Kernen's repeated dismissal of global warming and attacks on climate scientists and activists as the “eco-taliban” have spurred a 45,000-signature petition drive organized by climate accountability group Forecast the Facts.

Wed, 2013-10-23 16:51Guest
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Documents Raise Important Questions About Tesoro's Pipeline Spill in North Dakota

This is a guest post by Jesse Coleman, cross-posted with permission from Greenpeace blog The Witness.

North Dakota, long known for its cattle ranches and open spaces, has recently become one of the oil and gas industry's most prized (and profitable) possessions, thanks to the advent of fracking. However, the price of oil and gas industry development is paid in destruction to the environment and strains to the regulatory framework meant to protect the public from a reckless industry, as Tesoro’s massive oil spill attests.

Documents from an open records request by Greenpeace have uncovered that Tesoro, a fracking giant based in San Antonio:

Possibly knew their pipeline was dangerously weak

Tesoro ran tests on the pipeline that ruptured more than 2 weeks before the spill was discovered.

Wed, 2013-10-23 10:52Guest
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Carbon Billionaire Kochs Will Profit Plenty on Keystone XL, Counters IFG

This is a guest post by Victor Menotti, Executive Director of the International Forum on Globalization.

Charles and David Kochs’ communications crisis team from the Center for American Freedom (CAF), along with Tim Worstall writing in Forbes, are countering International Forum on Globalization’s (IFG) recent report, “Billionaires’ Carbon Bomb: The Koch Brothers and the Keystone XL Pipeline,” only one day after its release and before IFG had a chance to respond to CAF's queries.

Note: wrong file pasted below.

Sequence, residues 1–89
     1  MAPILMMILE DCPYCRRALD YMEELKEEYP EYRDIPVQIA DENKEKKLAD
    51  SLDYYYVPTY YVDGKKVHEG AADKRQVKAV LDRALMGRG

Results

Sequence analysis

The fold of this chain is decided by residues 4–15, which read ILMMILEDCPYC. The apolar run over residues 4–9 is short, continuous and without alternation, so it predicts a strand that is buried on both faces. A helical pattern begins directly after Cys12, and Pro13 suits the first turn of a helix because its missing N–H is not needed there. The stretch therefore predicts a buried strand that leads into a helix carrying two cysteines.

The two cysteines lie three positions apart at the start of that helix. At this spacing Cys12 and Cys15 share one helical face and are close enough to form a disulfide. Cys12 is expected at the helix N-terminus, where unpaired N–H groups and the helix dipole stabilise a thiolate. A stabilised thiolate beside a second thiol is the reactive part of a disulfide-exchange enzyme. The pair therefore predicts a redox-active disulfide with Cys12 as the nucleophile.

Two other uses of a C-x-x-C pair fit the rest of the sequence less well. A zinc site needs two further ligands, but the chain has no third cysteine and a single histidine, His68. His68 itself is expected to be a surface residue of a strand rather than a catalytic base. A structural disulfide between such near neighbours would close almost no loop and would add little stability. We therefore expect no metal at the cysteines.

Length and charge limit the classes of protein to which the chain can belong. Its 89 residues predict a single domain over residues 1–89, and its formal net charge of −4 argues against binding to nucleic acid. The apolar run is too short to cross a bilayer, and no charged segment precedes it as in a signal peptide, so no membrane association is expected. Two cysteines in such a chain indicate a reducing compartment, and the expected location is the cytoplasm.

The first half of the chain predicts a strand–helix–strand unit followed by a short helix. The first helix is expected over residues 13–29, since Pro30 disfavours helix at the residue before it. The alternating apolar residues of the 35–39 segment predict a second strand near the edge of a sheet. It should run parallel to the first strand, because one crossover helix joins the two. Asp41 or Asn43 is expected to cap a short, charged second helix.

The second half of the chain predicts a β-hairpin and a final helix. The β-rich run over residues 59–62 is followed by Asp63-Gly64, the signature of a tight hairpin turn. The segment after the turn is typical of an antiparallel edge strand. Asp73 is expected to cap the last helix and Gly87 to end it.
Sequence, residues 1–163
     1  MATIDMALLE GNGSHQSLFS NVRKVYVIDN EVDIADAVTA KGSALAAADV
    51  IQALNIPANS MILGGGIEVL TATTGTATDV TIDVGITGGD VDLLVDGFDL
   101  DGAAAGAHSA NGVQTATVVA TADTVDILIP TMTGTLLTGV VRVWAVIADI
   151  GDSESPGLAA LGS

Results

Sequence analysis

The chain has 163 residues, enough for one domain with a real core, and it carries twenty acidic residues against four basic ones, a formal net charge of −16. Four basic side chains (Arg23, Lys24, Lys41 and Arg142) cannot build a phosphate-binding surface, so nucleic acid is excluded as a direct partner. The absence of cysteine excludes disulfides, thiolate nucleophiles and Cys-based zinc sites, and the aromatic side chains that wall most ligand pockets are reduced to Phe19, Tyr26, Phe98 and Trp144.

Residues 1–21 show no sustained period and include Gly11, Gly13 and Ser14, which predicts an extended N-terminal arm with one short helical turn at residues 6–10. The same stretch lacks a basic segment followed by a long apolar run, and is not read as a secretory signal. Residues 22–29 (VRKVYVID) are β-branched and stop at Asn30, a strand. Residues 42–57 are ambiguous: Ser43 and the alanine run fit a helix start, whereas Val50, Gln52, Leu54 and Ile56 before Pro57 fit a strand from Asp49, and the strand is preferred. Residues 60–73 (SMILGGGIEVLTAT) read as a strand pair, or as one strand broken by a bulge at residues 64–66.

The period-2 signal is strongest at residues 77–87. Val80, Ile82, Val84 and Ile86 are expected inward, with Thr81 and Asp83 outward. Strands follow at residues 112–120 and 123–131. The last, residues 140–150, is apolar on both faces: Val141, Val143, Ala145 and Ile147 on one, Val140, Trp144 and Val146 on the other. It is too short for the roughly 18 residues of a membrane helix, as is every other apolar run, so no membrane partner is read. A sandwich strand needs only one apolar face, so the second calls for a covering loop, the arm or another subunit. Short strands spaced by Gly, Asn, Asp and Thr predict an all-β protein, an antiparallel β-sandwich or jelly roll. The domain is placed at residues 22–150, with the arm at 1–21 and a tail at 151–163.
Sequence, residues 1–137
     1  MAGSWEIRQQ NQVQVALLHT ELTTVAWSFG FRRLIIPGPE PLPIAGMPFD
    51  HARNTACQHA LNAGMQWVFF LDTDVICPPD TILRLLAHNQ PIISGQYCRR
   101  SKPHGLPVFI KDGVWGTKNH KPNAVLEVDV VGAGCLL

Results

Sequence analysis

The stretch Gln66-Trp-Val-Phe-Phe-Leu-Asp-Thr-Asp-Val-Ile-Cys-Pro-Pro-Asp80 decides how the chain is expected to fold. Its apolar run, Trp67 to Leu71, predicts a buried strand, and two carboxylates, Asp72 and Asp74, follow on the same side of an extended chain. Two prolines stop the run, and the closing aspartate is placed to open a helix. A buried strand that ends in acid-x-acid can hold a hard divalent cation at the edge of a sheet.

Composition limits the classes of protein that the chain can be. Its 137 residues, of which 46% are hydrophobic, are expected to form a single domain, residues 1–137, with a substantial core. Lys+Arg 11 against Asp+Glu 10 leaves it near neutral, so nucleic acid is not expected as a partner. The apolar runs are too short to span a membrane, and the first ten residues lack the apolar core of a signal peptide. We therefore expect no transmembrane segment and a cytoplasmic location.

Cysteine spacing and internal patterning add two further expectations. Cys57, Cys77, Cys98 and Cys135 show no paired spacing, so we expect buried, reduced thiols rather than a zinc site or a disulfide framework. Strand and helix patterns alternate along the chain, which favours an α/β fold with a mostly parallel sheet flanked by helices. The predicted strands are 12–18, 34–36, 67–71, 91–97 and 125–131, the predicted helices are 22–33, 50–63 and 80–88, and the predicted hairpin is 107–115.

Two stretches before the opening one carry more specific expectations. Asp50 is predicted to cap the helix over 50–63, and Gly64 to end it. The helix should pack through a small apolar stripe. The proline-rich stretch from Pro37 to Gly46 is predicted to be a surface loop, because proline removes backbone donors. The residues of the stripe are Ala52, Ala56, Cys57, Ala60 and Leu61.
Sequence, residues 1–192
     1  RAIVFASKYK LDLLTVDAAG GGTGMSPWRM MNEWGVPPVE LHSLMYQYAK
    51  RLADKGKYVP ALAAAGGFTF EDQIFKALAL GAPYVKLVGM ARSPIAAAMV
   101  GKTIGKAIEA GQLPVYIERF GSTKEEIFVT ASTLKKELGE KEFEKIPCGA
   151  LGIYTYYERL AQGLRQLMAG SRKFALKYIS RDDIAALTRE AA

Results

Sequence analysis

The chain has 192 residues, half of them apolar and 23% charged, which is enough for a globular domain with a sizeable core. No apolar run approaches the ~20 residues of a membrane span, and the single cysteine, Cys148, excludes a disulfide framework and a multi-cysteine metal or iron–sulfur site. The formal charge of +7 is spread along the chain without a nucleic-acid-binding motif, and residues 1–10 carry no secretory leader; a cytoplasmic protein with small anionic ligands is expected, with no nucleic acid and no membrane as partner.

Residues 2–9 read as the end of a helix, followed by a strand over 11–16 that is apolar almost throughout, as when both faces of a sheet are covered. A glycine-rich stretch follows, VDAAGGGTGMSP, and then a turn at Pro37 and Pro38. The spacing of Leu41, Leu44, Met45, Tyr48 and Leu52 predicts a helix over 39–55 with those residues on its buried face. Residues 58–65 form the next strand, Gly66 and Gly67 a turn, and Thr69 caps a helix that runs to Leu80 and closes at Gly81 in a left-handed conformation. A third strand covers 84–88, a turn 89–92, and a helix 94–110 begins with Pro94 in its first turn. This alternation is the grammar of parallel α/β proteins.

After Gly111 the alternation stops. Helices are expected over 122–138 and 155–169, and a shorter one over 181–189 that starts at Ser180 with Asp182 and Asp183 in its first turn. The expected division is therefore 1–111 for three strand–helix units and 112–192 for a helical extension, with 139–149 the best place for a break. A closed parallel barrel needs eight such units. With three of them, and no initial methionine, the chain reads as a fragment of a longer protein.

IFG stands firmly by its findings that the Kochs could profit plentifully from the proposed Keystone XL pipeline (KXL), and that KXL is not in America’s national interest.  With a decision due any day, we also wonder why a U.S. president would approve a pipeline whose biggest beneficiaries could be the very billionaires who have spent millions of dollars to undermine his efforts. The Kochs’ current net worth ($92B) exceeds that of the world’s wealthiest man, Bill Gates ($72B), according to the October 1, 2013 Bloomberg Billionaires’ Index.

Forbes’ reporter, Tim Worstall, also attacked IFG’s 2011 report by arguing that people who profit from the production of fossil fuels play no role in promoting their use, nor in financing efforts to prevent their phase out.  Worstall wrote, “Oh, sure, the rich guys turn a penny or two on supplying us with these things that we desire and use but it is our desire and use which is causing the problem, not the people doing the supplying.”  IFG’s 2012 report showed the Kochs outspent all other oil companies—even Exxon— to block U.S. efforts to reduce carbon emissions and advance clean energy.

CAF was created by the Kochs in 2012 to counter increasing public scrutiny of the billionaire brothers’ record spending on a sprawling political influence network whose money, organizational structure, and unprecedented scale have been mapped extensively in IFG’s online, interactive Kochtopus. CAF’s Washington Free Beacon staff writer, Lachlan Markay, came from the Heritage Foundation, where he was the conservative think tank's first investigative reporter.

Below is IFG’s official response to their claims: